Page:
When William Graves was asked in 1987 if there was anything in particular he wanted to include in Traditional Arts Apprenticeship Program publicity about his art or his life, he wanted it known that he’d “soon have enough grandchildren to dob a house.” William Graves lived in Lebanon, Missouri and among his professions he listed were farming and construction. He was also a valuable link in the continuance of the Graves family tradition of the walking cane dulcimer.
b. 1917 d. 2001
“Walking Cane” Dulcimer
1986 Lynn Wosilait
1987 Stephen Atwell
1988 Stephen Atwell
1989 Connie Renee (Graves) Welch
1990 Paul Vandaveer, John Graves
The “walking cane” dulcimer is an integral part of the Graves family tradition; that particular kind of dulcimer was created by his grandfather, John Mowhee, a Cherokee who served with the Union Army as a scout. The instrument got its name for its dual purpose as a musical instrument and, according to family stories, a walking aide for Mowhee. This dulcimer variation has three strings and is played by strumming the strings with a turkey quill.
Mr. Graves learned to play dulcimer from his mother, who was herself a fiddler. “When I was learning to play this dulcimer,” Graves said, “mother made me pick it with my thumb before she gave me a turkey quill to use. I wore all the hide off that thumb! I wasn’t but nine when I started playing.” As an adult, Mr. Graves performed frequently in his community with his wife Doris, his sons Don and John, and his daughters Vivian and Daisy.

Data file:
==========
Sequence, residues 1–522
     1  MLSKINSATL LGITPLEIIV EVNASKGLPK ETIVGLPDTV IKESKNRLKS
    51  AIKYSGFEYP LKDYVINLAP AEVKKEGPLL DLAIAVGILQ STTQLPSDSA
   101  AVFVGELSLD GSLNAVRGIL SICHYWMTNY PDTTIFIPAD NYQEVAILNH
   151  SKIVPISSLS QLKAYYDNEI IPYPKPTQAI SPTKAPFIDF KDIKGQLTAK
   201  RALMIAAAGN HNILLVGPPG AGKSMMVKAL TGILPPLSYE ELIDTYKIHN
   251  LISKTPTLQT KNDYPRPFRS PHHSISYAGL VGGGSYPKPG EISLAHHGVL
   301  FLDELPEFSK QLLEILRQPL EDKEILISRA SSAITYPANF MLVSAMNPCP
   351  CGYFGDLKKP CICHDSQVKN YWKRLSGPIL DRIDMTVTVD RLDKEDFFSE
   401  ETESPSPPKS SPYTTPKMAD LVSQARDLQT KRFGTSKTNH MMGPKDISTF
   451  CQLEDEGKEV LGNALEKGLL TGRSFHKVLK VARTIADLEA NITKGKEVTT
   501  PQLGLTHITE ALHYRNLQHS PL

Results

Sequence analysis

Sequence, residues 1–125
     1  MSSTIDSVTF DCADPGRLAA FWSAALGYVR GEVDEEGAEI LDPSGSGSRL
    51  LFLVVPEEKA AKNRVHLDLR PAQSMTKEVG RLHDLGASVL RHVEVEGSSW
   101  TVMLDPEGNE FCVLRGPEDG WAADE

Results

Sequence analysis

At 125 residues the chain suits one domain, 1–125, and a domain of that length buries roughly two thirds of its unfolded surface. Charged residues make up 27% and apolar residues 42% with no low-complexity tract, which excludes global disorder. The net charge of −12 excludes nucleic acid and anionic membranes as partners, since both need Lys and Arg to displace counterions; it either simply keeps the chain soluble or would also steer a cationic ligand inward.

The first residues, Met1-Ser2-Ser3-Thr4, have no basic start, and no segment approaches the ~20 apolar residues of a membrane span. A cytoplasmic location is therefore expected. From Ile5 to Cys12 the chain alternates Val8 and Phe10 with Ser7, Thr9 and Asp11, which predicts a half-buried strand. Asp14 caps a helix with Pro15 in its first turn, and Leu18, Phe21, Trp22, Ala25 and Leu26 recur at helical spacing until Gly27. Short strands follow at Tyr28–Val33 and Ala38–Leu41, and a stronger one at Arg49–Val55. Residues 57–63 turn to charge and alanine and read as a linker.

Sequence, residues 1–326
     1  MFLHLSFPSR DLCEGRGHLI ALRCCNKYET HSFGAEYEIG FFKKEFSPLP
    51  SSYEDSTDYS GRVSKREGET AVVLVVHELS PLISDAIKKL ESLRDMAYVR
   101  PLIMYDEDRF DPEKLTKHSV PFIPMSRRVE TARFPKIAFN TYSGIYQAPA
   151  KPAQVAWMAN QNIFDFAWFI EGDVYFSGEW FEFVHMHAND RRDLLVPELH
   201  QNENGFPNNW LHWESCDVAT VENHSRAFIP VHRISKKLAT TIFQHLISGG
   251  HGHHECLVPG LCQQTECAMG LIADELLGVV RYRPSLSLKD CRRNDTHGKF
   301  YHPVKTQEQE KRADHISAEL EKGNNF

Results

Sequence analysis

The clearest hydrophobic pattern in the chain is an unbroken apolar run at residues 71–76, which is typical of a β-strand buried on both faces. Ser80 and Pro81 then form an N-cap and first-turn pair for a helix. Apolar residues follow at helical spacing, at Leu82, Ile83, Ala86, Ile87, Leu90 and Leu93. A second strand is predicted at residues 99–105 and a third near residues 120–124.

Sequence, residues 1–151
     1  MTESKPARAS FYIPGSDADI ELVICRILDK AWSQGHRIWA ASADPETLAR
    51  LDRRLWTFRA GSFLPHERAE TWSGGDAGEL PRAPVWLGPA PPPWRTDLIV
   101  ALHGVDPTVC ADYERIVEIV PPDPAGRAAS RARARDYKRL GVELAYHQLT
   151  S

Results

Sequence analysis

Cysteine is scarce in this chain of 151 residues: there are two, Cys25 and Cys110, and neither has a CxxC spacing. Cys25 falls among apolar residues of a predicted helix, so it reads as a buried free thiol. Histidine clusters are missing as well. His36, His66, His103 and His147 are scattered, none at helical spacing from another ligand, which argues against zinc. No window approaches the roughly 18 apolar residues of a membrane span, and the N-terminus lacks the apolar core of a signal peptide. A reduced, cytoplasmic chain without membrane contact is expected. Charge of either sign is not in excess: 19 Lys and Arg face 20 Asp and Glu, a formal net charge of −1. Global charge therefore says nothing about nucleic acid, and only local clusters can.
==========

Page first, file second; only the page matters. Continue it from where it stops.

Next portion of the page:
The walking cane dulcimer’s appeal as an instrument and William Graves’ appeal as a master are evident in the number of apprentices he took on through the years. Not only did he work with his own children, he also took on neighbors and others from the surrounding area who had an interest in learning the instrument. His son John and daughter Vivian were both motivated to keep on the family tradition; Vivian stated, “I grew up listening to this way of playing. Maybe someone else would enjoy it and I can play it.”
John recognized the difficulty in keeping the tradition alive, and he said, “I have been wanting to learn how to play the dulcimer for some time, but could never get dad to take the time I needed. I feel I had an extra bonus by being in the program and having my dad for a master.”
Apprentice Connie Welch (TAAP 1989) stated, “Mr. Graves is a traditional Ozark music man,” and his abilities, she said, were “outstanding.” Today the walking cane tradition continues to be a part of the Traditional Arts Apprenticeship Program through Bill’s son Don, a master of the walking cane dulcimer himself, who is creating, playing, and teaching the instrument to this day.
Audio clip: William Graves instructs his apprentice and son John Graves. The Graves recorded many of their lessons, which are now housed at the Western Historical Manuscripts collection at the Missouri State Historical Society.